Compare any two graphics cards:
Radeon HD 6850 vs Radeon HD 6950
IntroThe Radeon HD 6850 uses a 40 nm design. ATi has set the core speed at 775 MHz. The GDDR5 RAM is set to run at a frequency of 1000 MHz on this particular model. It features 960 SPUs as well as 48 Texture Address Units and 32 Rasterization Operator Units.
Compare those specs to the Radeon HD 6950, which has core speeds of 800 MHz on the GPU, and 1250 MHz on the 1024 MB of GDDR5 memory. It features 1408 SPUs as well as 88 Texture Address Units and 32 ROPs.
(No game benchmarks for this combination yet.)
Power Usage and Theoretical Benchmarks
Power Consumption (Max TDP)
The Radeon HD 6950, in theory, should be quite a bit faster than the Radeon HD 6850 in general. (explain)
Texel RateThe Radeon HD 6950 should be a lot (about 89%) more effective at anisotropic filtering than the Radeon HD 6850. (explain)
Pixel RateIf using a high resolution is important to you, then the Radeon HD 6950 is superior to the Radeon HD 6850, though not by far. (explain)
Please note that the above 'benchmarks' are all just theoretical - the results were calculated based on the card's specifications, and real-world performance may (and probably will) vary at least a bit.
Price ComparisonPlease note that the price comparisons are based on search keywords, and might not be the exact same card listed on this page. We have no control over the accuracy of their search results.
Memory Bandwidth: Bandwidth is the max amount of data (measured in megabytes per second) that can be transferred over the external memory interface in one second. The number is calculated by multiplying the card's interface width by its memory speed. In the case of DDR RAM, the result should be multiplied by 2 again. If it uses DDR5, multiply by 4 instead. The higher the card's memory bandwidth, the better the card will be in general. It especially helps with anti-aliasing, High Dynamic Range and higher screen resolutions.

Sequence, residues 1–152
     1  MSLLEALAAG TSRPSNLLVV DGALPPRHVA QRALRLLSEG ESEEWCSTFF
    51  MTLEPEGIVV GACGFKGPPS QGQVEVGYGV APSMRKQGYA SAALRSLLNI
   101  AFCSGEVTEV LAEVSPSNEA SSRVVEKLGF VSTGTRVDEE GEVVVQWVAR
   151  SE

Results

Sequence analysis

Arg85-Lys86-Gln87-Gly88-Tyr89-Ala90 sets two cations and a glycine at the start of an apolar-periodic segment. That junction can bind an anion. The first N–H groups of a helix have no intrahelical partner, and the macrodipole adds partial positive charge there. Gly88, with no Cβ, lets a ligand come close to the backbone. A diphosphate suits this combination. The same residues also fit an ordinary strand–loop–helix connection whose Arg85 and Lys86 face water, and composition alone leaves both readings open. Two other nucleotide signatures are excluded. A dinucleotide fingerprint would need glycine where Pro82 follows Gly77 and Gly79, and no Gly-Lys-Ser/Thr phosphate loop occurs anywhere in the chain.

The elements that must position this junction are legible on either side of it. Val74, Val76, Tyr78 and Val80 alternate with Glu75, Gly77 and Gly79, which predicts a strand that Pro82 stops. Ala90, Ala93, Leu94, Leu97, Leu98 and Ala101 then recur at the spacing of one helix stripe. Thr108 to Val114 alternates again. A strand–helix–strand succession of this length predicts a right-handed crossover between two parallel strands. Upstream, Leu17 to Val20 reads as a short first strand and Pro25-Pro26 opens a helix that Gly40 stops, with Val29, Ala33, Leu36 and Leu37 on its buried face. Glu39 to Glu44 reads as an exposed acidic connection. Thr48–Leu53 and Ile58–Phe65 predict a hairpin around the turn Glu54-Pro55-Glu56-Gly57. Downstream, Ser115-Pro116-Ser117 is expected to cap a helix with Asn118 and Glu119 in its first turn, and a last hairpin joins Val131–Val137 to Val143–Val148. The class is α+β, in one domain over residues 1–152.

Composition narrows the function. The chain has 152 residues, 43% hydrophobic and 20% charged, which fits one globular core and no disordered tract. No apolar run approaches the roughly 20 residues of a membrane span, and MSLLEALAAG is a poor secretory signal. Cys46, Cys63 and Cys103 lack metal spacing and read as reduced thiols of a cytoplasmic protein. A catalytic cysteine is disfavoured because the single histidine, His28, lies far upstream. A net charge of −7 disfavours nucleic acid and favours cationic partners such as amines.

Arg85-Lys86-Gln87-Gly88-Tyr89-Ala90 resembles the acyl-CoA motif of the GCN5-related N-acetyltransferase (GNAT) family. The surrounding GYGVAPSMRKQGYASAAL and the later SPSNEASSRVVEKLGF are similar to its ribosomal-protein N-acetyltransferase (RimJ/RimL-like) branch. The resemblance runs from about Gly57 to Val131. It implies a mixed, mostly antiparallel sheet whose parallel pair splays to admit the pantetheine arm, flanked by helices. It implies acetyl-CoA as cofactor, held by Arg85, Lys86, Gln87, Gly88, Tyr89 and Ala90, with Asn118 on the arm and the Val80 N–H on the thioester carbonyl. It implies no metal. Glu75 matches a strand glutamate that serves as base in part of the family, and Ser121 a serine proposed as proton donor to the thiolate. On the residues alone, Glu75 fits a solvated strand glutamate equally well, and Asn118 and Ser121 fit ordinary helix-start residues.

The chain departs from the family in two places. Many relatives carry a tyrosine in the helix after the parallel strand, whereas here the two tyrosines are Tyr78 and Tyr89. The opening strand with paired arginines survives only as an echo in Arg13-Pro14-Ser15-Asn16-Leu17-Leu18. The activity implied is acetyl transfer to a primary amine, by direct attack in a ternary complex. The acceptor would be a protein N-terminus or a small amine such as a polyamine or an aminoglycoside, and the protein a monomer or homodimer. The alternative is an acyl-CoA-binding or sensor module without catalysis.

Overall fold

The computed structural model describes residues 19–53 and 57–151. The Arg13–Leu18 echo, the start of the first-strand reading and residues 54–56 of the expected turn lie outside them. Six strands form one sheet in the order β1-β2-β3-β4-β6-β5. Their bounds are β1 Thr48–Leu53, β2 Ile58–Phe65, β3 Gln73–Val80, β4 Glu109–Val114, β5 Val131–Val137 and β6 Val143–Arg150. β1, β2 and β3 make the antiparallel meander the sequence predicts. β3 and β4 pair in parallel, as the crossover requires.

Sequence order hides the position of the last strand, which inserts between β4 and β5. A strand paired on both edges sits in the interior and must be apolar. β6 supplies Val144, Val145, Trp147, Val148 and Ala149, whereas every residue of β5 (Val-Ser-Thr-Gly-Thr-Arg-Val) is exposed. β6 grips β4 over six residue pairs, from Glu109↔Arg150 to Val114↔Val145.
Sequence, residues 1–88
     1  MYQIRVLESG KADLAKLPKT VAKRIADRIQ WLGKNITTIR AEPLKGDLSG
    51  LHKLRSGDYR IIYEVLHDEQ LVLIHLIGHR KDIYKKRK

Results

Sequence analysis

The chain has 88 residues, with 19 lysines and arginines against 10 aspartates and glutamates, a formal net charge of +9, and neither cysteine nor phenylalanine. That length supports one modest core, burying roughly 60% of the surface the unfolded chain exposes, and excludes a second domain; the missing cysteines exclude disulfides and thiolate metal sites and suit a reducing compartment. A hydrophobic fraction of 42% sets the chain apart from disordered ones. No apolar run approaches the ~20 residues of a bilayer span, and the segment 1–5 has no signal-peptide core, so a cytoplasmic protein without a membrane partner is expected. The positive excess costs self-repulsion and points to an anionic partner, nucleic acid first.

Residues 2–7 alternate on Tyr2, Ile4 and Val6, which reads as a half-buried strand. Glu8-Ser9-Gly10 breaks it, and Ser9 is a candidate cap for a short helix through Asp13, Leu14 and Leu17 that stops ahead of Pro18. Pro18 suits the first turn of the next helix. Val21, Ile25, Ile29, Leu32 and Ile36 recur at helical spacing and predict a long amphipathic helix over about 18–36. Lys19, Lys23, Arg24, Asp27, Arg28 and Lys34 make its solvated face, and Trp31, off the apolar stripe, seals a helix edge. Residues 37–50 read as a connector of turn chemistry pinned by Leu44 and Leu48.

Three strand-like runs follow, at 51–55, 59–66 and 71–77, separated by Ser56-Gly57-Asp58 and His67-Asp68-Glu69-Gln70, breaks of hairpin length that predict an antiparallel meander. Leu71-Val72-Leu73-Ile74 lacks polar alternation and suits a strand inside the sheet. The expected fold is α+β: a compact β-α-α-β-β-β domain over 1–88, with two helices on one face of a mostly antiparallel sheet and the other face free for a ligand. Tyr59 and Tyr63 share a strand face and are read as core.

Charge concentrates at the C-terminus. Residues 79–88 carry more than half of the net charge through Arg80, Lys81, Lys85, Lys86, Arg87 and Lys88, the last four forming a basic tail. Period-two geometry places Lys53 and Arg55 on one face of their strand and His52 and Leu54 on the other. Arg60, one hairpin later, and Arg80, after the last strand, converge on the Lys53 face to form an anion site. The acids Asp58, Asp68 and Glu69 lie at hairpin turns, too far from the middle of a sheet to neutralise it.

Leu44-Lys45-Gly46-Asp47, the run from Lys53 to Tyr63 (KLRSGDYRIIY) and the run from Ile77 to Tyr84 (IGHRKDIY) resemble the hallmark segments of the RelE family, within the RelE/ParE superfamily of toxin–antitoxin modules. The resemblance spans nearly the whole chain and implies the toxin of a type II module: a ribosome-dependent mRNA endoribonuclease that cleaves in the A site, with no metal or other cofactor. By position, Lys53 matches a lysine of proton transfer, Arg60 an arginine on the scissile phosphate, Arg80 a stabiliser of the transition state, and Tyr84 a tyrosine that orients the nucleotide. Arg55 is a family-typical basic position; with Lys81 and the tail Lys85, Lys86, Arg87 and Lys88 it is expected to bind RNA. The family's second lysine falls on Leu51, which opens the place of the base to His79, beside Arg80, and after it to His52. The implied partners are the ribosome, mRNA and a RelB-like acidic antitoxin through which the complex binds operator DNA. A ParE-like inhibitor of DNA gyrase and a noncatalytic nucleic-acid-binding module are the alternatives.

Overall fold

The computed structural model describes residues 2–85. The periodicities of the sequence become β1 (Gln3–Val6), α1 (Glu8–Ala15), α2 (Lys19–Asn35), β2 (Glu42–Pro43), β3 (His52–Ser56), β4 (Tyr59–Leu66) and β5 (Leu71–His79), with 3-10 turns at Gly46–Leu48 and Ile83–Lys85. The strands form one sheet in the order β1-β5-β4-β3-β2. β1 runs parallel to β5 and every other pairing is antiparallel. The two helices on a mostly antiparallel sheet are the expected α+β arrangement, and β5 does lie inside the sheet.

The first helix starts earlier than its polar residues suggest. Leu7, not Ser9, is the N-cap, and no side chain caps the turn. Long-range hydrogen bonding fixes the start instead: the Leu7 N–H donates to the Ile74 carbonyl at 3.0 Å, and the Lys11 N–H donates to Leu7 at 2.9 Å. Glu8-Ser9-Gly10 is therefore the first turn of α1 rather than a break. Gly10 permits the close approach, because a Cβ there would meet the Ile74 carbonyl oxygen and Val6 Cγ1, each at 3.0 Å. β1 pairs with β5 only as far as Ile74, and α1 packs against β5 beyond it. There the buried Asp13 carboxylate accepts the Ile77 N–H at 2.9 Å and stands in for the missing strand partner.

Texel Rate: Texel rate is the maximum texture map elements (texels) that can be applied in one second. This is worked out by multiplying the total texture units by the core clock speed of the chip. The better this number, the better the video card will be at handling texture filtering (anisotropic filtering - AF). It is measured in millions of texels applied per second.
Pixel Rate: Pixel rate is the maximum amount of pixels the graphics card could possibly record to the local memory in a second - measured in millions of pixels per second. The figure is worked out by multiplying the amount of Raster Operations Pipelines by the the card's clock speed. ROPs (Raster Operations Pipelines - sometimes also referred to as Render Output Units) are responsible for drawing the pixels (image) on the screen. The actual pixel rate is also dependant on many other factors, most notably the memory bandwidth - the lower the bandwidth is, the lower the ability to get to the maximum fill rate.